Many Homes Are Switching to Tankless Water Heaters

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One factor that plays a major role in determining how comfortable people are in their homes is whether or not they have reliable access to adequate amounts of hot water.

Few things are worse than being forced to take a cold bath or shower, especially when insufficient hot water is a constant problem. Beyond seeking increased comfort, however, many homeowners are now looking for more energy-efficient and eco-friendly appliances. As such, countless consumers are making the switch from conventional water heaters with tanks to tankless water heaters. Unlike conventional water heaters which heat and store specific amounts of water over set periods of time, tankless water heaters provide on-demand heating. Not only is this method more efficient, but it additionally ensures that there's always plenty of hot water for every member of the household.

How Does a Tankless Water Heater Work?

A standard water heater with a tank heats water and stores it for use as needed. Conversely, tankless water heaters warm water up according to demand. When the faucet is turned on at the hot water supply, cold water enters the unit via a pipe. It is then warmed up by an electric element or a gas burner. This allows for a constant supply of hot water, so long as the demand never exceeds the tank's ability to produce. There is no need to wait for a tank to fill up and thus, the entire household can enjoy a hot, steamy shower or bath at any time.

In large households, gas-fired tankless water heaters are often the best bet. That's because gas-fired designs tend to produce significantly higher flow rates than tanks that use electricity for heating. In some homes, particularly in homes that are heavily reliant upon washing machines or dishwashers, secondary tankless water heaters may be needed. When this is the case, a second tank can have a parallel connection for simultaneous use. It is also possible to install these units for the separate and sole supply of specific appliances that use considerable amounts of hot water.

In addition to use as a primary hot water supply system, a tankless water heater can also be installed for:

  • Warming water for an indoor or outdoor hot tub
  • Servicing a remote bathroom or in-law unit
  • Supporting a solar-powered water heating system

In each of these applications, a tankless water heater is virtually guaranteed to be more convenient and more efficient than a conventional hot water heater.

Benefits of a Tankless Water Heater

For many homeowners, the benefits of having a tankless water heater are quite obvious. There is no need to wait for water to warm up and little fear of ever running out of hot water. From an energy standpoint, however, there are a number of impressive, additional benefits gained. For instance, there is no energy loss resulting from the storage of approximately 50 gallons of hot water in a holding tank. This can lower the related energy use by as much as 50 percent. It can also lead to marked savings on home energy bills.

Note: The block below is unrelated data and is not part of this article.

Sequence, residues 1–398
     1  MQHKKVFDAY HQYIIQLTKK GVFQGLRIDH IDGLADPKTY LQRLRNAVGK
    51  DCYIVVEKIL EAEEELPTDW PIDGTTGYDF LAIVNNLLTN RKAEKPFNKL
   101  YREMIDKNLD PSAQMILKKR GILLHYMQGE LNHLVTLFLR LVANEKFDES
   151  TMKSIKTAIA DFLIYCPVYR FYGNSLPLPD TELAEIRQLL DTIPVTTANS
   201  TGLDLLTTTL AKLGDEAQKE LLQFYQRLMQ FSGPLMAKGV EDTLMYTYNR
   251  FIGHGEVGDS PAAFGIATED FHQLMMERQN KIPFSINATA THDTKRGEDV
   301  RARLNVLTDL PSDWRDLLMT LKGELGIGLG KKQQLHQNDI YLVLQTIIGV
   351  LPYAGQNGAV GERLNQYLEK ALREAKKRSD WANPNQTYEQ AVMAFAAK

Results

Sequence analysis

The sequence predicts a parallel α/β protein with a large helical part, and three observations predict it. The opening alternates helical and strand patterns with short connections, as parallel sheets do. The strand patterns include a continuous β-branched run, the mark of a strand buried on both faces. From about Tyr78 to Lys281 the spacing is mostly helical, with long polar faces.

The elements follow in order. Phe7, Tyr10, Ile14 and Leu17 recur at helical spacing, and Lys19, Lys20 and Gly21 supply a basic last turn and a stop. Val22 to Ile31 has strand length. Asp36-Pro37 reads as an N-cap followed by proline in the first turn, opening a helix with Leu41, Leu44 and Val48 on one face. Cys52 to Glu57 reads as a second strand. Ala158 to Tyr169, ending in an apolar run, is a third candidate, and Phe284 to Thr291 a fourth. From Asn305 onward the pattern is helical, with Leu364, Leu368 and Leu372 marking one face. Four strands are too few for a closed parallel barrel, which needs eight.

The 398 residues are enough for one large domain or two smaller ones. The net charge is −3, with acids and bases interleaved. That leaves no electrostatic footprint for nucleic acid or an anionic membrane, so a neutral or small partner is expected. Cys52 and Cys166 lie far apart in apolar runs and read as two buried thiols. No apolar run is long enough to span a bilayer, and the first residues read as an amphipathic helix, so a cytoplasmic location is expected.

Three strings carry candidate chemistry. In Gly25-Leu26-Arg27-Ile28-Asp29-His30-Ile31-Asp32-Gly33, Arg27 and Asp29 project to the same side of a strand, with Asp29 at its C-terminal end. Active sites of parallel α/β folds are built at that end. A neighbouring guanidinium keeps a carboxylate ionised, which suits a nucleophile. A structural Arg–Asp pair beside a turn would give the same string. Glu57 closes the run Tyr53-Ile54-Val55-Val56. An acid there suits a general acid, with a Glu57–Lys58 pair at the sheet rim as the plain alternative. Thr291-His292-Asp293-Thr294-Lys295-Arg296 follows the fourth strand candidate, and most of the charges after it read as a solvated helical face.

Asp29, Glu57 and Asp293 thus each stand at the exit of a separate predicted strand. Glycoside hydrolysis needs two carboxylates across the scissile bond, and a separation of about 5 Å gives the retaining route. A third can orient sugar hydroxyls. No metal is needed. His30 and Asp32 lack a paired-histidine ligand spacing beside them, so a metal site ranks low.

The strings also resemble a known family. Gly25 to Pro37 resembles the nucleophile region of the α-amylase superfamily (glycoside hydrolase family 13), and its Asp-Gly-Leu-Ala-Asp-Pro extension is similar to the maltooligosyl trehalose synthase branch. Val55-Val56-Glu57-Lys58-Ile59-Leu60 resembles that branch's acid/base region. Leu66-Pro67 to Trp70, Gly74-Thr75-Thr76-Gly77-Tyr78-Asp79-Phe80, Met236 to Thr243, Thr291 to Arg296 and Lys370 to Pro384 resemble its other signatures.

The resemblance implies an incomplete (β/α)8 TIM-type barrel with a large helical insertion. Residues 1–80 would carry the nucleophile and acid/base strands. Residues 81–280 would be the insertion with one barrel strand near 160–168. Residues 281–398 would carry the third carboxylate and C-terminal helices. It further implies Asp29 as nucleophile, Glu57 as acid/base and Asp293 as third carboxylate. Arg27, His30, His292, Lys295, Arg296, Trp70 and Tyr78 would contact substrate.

Moreover, given that there is no large, cumbersome tank installed in the home, less usable space is wasted. In fact, most tankless water heaters are so compact that they can be easily mounted on a wall. Best of all, unlike conventional water heaters that require yearly maintenance, tankless designs require virtually no upkeep at all. With a reasonable quality of water, most of these units will not require professional maintenance for as long as five years.

How Much Does One Cost?

The upfront cost of a tankless water heater varies according to the size of the unit, the manufacturer, and its overall performance among other factors. Basic tankless designs can be purchased for less than $1,000. Higher quality, whole-house units can cost as much as $3,000. The labor for installing a tankless water heater will increase this cost. In some instances, installation charges could be quite significant. For instance, if your home is not wired to support a tankless heater, rewiring, permitting, and other secondary costs can add up to $5,000 to the total installation bill. One thing to bear in mind, however, is that unlike conventional water heaters which are typically warranted for just five to six years, the average tankless model is warranted for up to 15.

Perhaps the greatest benefit of switching to a tankless water heater is the fact that there's never any danger of having a major flood event due to malfunction. Units that store water in tanks can flood a home with as much as 50 gallons of water without any warning at all. In addition to being incredibly inconvenient, events like these can cause considerable and lasting property damage. Thus, although you'll pay more for a tankless water heater, the related energy savings, increased convenience, and greater security can make this purchase well-worth the additional spending.